Saturday, April 19, 2014
By Noel K. Gallagher firstname.lastname@example.org
(Continued from page 1)
Last week, state Education Commissioner Stephen Bowen sent a letter to the U.S. House Committee on Education and the Workforce spelling out that the state wouldn't share personally identifiable student data, or link the state data system with any other state or federal database.
Specifically, Maine does not even collect personally identifiable student data at the state level. Only local districts have a student's name and Social Security number, and if that number is somehow passed on to the state Department of Education office, it is removed, said department spokeswoman Samantha Warren. Instead, all Maine students are assigned a unique number that is used to track their progress anonymously throughout their educational career.
"For the most part, there is no data we provide to the federal government that any Maine parent can't see for themselves in the Data Warehouse," said Warren, referring to statistical information available on the department's website.
Maine regularly provides aggregate student data to the U.S. Department of Education for a variety of reasons, from seeking grant money to mandatory test score results. But the data does not provide any identifiable information.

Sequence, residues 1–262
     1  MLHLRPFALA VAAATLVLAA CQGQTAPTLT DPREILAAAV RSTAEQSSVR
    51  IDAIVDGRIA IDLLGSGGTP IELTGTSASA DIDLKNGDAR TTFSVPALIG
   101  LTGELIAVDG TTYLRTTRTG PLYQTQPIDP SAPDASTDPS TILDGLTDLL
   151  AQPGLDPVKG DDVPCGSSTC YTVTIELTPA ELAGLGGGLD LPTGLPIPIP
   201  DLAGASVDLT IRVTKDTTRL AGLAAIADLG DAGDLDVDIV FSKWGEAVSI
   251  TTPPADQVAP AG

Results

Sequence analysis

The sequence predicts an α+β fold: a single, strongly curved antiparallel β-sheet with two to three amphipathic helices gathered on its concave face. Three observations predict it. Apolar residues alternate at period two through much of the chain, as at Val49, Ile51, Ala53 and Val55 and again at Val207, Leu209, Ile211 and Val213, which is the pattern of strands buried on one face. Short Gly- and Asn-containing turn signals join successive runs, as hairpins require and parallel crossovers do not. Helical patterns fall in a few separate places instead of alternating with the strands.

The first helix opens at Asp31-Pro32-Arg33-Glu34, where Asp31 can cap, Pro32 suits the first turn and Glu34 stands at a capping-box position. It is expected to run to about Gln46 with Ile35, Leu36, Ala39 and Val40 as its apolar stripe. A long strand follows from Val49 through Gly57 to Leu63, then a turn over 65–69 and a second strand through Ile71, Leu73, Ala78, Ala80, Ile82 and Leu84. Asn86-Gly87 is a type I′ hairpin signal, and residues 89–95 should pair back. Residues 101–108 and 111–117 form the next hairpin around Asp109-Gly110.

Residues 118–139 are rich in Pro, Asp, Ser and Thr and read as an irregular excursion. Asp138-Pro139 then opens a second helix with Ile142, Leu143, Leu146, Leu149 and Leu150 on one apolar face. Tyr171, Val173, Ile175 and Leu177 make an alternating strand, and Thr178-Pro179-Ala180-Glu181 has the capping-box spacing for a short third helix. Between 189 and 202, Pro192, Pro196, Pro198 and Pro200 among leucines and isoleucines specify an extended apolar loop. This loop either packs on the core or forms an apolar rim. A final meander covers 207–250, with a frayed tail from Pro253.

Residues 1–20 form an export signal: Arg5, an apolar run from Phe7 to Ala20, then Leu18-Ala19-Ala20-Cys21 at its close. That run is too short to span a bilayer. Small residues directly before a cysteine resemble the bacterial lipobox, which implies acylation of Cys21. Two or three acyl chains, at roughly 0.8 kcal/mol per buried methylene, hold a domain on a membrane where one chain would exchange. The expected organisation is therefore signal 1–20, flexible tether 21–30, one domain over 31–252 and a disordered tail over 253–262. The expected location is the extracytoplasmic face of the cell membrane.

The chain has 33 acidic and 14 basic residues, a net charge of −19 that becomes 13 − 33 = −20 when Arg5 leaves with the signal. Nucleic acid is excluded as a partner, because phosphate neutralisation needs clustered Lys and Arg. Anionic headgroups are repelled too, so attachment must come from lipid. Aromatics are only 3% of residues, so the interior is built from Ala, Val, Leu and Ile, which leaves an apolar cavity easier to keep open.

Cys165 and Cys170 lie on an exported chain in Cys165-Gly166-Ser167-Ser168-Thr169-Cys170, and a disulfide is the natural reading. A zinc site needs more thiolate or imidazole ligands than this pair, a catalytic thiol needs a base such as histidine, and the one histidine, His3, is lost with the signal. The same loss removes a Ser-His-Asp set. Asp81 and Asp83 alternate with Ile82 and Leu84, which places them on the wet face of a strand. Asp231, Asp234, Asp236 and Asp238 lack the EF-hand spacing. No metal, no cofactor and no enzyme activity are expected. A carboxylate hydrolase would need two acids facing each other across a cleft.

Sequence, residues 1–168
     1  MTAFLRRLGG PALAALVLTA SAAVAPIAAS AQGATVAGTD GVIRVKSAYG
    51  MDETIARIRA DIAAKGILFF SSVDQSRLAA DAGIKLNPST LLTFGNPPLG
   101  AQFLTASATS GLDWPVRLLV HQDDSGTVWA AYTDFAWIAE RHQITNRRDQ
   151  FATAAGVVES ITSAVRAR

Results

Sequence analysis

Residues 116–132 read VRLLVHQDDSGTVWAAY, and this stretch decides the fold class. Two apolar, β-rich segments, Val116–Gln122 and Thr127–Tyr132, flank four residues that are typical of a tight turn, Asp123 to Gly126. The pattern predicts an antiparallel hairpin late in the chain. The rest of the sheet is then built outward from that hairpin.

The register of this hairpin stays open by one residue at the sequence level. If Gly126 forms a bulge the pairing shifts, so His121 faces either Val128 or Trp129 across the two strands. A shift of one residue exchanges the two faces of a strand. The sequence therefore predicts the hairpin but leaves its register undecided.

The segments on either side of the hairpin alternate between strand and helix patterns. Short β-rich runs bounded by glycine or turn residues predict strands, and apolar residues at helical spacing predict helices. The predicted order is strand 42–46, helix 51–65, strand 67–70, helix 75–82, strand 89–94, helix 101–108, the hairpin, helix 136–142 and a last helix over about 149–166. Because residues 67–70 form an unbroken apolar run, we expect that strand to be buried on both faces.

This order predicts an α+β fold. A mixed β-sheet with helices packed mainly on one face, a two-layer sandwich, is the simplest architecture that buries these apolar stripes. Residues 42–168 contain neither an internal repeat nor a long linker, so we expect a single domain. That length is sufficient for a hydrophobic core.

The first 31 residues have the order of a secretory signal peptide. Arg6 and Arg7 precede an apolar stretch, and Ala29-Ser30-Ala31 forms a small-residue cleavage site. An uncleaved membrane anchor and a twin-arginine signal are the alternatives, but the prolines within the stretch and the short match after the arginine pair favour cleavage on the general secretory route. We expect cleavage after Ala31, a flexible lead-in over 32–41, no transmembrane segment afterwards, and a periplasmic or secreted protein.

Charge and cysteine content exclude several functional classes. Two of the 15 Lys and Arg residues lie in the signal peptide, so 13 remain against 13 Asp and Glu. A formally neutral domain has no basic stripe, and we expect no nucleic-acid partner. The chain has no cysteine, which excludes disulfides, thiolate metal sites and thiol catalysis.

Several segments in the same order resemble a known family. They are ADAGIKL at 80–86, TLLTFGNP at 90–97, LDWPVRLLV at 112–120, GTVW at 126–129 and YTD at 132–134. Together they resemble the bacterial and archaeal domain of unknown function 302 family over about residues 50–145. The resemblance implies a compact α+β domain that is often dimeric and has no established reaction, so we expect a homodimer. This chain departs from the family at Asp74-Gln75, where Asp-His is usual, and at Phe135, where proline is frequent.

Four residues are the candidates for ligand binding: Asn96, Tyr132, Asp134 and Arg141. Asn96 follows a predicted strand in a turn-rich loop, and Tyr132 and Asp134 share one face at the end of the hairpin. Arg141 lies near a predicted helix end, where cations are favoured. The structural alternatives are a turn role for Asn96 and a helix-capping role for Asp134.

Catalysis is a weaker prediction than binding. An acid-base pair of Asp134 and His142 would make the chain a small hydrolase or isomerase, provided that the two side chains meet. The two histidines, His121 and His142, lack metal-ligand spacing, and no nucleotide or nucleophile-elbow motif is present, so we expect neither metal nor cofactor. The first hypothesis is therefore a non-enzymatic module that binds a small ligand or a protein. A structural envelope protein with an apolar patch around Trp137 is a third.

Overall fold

The Maine Equal Rights Center is collecting signatures for the ballot proposal. They will have to collect more than 57,000 by February to get on the November 2014 ballot.
Organizers said the ballot effort would continue, despite the governor's executive order.
"Politically it's a great gesture, but it doesn't change anything," said Erick Bennett, founder of the Maine Equal Rights Center.
He said the governor and state legislators "didn't understand" Common Core and the information from state officials wasn't true.
"The unfortunate thing about politics is that people lie. It's unfortunate but true," said Erick Bennett, adding that the main issue is that national education standards violates state's rights. Anti-Common Core legislation, backed primarily by conservatives, has been introduced in several states, including Alabama and Missouri. In Michigan, Republicans recently blocked state funding for implementation while they evaluate cost and other implications.
Small-government advocates and tea party groups say the standards are an example of federal overreach. The Republican National Committee passed a resolution opposing the standards and conservative radio host Glenn Beck has spoken against them on his show. This spring, Sen. Chuck Grassley, R-Iowa, and eight other Republican senators signed a letter seeking to defund all Common Core-related initiatives at the Department of Education.
But education reformers such as former Florida Gov. Jeb Bush, a Republican, and Students First leader Michelle Rhee, a Democrat, both strongly support the changes. The more liberal American Federation of Teachers supports the standards, but opposes "high-stakes" testing that ties students' test results to teacher evaluations or school sanctions.
Noel Gallagher can be contacted at 791-6387 or at:
Correction: This story was updated at 9:15 a.m. Thursday, Sept. 5 to clarify that No Common Core Maine is not part of the referendum drive.